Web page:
Although there are no definitive answers to what post-traumatic urbanism is the term itself raises critical questions and discussion. An often quoted statistic today is that the urban world is larger than the rural world, which underlines the importance of trying to understand urban trauma and its effect on the city and its people. In my journey to capture the essence of Mumbai, to explore unexpressed feelings of conflict created by repressed events and resolve my own perceptions and experience; it is this complexity which is central to understanding my art.

Reference: Benjamin, A. (2010). Trauma within the Walls: Notes towards a philosophy of the city. Architectural Design. Vol. 80. No.5. pp.24-31. Burke, A. (2010). The Urban Complex: Scalar probabilities and Urban Computation. Architectural Design. Vol. 80. No.5. pp.87-91. Lahoud, A. (2010). Post Traumatic Urbanism. Architectural Design. Vol. 80. No.5. pp.14-23. Per Bak. (1996). How Nature Works: The Science of Self-Organised Criticality. Copernicus Press: New York. West, G. (2011). The Surprising Math of Cities and Corporations. [online]. Available from http://www.ted.com/talks/geoffrey_west_the_surprising_math_of_cities_and_corporations.html [Accessed 2nd Aug. 2011].
Danger of a Single Story
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This brilliant TED video by novelist Chimamanda Adichie articulates what I often have to say about Mumbai while here in UK. Namely, yes there is poverty and yes we have slums - but these are proud people who are more than just the anonymous poor. They don't want your useless pity. When I make art about Mumbai I often have to defend my work and my position to outsiders because it is not the typical vision of what people imagine Mumbai to be, which is terrible disparity and nothing else. She is also quick to point out however, that all of us have at one point or the other indulged in a 'single story.' Whats important is to be aware of it and avoid it as much as possible.

Collaboration: The Third Hand
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[A summary of ideas from the book The Third Hand - Collaboration in Art from Conceptualism to Postmodernism].

The book focusses on a period of western art history during the 1960's and 1970's which the author identifies as the beginnings of artist collaboration, a conscious movement away from individual lone artists making work in a conventional studio. He describes and classifies three kinds of collaborative artist teams. What most interested me in the discussion of the meanings and motivations behind various types of collaboration, was the issue of identity.

Through collaboration the voice of the artist is muted or dispersed, it is a break away from a singular artistic identity. The author introduces the idea of a 'third hand,' or ghost artist which is an elusive other or combined identity created in collaborative works. This third independent existence is in itself 'uncanny' because such a constructed ghost identity 'blurs the distinction between the real and phantasmic.'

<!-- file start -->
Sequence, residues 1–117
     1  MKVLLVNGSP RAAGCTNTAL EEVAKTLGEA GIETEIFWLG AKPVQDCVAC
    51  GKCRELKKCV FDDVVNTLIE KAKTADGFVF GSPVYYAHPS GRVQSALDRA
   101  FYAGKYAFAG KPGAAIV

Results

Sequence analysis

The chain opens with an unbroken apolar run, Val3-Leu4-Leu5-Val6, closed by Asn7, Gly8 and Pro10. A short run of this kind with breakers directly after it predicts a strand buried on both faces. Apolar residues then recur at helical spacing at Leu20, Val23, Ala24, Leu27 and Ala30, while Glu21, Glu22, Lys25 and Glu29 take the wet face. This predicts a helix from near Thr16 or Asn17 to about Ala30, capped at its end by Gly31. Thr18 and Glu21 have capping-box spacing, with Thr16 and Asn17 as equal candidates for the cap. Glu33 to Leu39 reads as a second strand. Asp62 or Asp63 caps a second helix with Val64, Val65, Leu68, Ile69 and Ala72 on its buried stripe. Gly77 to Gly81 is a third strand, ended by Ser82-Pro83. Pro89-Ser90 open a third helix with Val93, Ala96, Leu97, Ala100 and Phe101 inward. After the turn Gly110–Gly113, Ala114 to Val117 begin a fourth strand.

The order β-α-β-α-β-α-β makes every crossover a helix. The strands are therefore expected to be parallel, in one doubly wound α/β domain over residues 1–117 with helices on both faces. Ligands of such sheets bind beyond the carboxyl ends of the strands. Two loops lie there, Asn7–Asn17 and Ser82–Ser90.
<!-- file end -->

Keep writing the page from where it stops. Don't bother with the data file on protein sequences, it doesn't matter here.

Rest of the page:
The author's discussion of the uncanny helped me better understand my previous collaborative project Tobari No Akari 2. Using dolls, dream-like doubles and shadow doubles the images we created are surreal and uncomfortable, bringing forth memories from childhood but in a disconcerting way. We could also say that creating ghost doubles in the installation references the joint artistic will of the collaboration and work itself.

The video shown below is an attempt to document the collaborative process where we arranged and re-arranged the installation over several hours. It highlights the importance of collaboration as a method of creating more avenues of future work; as well as the potential for it to be a work of art in terms of performance.

The author also talks about artists that use collaboration as a means to escape personal limits and language, to travel beyond conventional authorship and representations of identity, or a 'relativisation and reformation of self.' I felt this was especially relevant to the motivation behind my collaborative projects; however I hesitate to deconstruct or over-explain the experience for fear of losing sense of its meaning and to some extent, its mystery.

Shift
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Shift the post-graduate show will be held at the Arts University College Bournemouth from 2nd to 9th September, open from 10am to 4:30pm daily. Entry is free. The show will be open for a late night viewing on the 8th (Thursday) and is closed on Sunday. The Facebook page is here.

Don't miss it! The exhibition will showcase the work of post-graduate students in Animation, Contemporary Performance, Graphic Design, Interactive Media, Costume, Fashion, Fine Arts and Photography. The work will reflect the multidisciplinary nature of the post-graduate course here at AUCB, and each student's individual pathway.

Stay tuned for more updates on the show. And if you can't make it don't fret, I will be posting photos and videos of the awesome event :)

Update: Photos and videos here.

Site-Specific Art